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Mechanism of Neuron Action (Depolarization, Repolarization, Hyperpolarization)



Neuron is the functional unit of nervous system. Neurons are specialized to produce signals. These signals can be communicated over short or long distances. They can be sent from one part of the body to another.
Changing the resting Membrane Potential into the Action Potential (Nerve Impulse)
The transmission of an action potential takes place by wave of depolarization and repolarization.
1.      Depolarization
The loss in membrane polarity is called depolarization. Nerve impulse is conducted by change in electric potential. A stimulus of minimum intensity that can initiate an impulse is called a threshold stimulus. Threshold stimulus is applied on the membrane. The permeability to Na+ ions increases at that point. Na+ ions flow inside the membrane. The potential changes from -70mV toward 0. It causes depolarization. The depolarization reaches certain level. Special Na+ channels (voltage gated) are sensitive to changes in membrane potential. Thus, they quickly open. So, more Na+ ions rush inside of the neuron.

2.      Repolarization
The rebuilding of positive charge outside is called repolarization. Shortly after the Na+ gates close. Now voltage gate of K+ channels are opened. K ions rapidly diffuse outward. It again develops positive charge outside the cell. Therefore, the membrane becomes repolarized.
Similar cycle is repeated in an adjacent region of the membrane. The wave of depolarization moves down the axon. Thus the action potential travels forward.
3.      Hyperpolarization
The state of neuron in which more negative charge is developed inside the membrane is called Hyperpolarization. There is an interval of time after each action potential. Large number of K+ ions rushed out during this time interval. Thus more negative ion developed inside. (more negative than -70 mV). Therefore, the membrane becomes hyperpolarized. More action potential cannot occur during this interval of time. This brief period is called the refractory period. Resting potential is restored during this period. Afterward, the neuron is repolarized and ready to transmit another impulse.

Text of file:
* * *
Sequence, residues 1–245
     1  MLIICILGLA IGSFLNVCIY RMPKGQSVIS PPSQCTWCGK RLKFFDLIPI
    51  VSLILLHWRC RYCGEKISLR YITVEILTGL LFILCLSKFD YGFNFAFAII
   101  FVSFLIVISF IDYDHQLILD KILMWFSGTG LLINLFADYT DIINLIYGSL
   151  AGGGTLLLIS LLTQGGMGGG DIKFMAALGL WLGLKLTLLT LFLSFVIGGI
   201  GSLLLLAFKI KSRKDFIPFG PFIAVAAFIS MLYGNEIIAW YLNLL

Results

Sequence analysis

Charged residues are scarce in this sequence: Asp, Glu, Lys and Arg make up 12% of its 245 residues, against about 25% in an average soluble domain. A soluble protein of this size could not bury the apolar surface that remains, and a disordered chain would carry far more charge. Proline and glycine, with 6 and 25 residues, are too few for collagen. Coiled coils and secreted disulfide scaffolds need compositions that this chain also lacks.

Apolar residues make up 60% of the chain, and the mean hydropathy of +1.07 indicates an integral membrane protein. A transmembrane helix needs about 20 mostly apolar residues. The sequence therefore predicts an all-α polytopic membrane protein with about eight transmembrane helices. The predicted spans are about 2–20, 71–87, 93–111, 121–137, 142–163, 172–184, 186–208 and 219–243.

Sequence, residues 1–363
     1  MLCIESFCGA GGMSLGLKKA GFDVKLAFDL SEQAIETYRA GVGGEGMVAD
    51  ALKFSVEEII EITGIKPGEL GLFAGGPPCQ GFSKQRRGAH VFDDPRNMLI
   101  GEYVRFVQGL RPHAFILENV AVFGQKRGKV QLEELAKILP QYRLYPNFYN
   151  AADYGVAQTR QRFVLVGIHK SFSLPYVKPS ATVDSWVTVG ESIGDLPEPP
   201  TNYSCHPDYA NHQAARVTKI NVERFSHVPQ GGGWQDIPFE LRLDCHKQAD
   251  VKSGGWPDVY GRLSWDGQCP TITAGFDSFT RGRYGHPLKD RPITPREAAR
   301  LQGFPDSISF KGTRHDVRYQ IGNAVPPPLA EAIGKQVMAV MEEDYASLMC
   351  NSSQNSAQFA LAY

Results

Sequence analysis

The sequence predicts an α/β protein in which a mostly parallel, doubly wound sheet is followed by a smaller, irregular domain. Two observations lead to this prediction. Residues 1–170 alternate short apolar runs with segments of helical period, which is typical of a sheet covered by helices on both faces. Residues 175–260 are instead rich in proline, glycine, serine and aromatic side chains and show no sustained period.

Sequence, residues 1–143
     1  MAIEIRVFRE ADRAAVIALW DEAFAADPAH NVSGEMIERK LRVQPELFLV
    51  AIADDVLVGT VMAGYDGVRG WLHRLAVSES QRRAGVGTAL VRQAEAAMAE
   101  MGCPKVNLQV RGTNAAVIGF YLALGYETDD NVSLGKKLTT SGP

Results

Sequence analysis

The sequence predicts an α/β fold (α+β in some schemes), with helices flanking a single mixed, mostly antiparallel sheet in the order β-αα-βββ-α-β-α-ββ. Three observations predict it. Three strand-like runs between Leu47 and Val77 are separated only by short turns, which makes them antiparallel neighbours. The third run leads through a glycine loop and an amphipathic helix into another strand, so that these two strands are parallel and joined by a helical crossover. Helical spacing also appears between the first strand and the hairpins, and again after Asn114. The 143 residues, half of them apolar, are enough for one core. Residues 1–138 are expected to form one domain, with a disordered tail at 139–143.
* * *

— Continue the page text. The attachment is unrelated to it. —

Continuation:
A minimum stimulus is necessary to initiate an action potential. But an increase in stimulus intensity does not increase the strength of the action potential.
All-or- none law
The principle that an axon will fire at full power or not at all is called all-or- none law.
Factor affecting the speed of nerve impulse
       I.            Diameter of axons
Increase of the diameter of axon increase the speed of nerve impulse. Axons with a large diameter transmit impulse faster than smaller ones. Large diameter axons are common among many invertebrates e.g., crayfishes, earthworms. The squids have largest diameter. The diameter of its axon is over 1 mm. the axons have a conduction velocity greater than 36 m/s. the giant squid axons can easily escape from predators. A single action potential cause maximum contraction of the mantle muscle in squids. Mantle contraction rapidly expels water like a jet. Thus , the squid moves away from the predator. Most vertebrates axons have a diameter less than 10 pm. They extend from the brain. They pass down the spinal cord and activate skeletal muscles.
    II.            Addition of Myelin
Addition of sheath also increase the speed of conduction of a nerve impulse. Myelin is an excellent insulator. Thus, it stops the movement of ions across it. Therefore, it increases the rate of conduction of nerve impulse. Action potentials are generated only at the neurofibril nodes. Thus action potential jumps from one node to the next node. Therefore, conduction along myelinated fibers is known as salutatory conduction. It takes less time for conduction of nerve. Myelin sheath allows rapid conduction in small neurons. Thus, evolution of nervous system in animals took place. It does not occupy large spaces.
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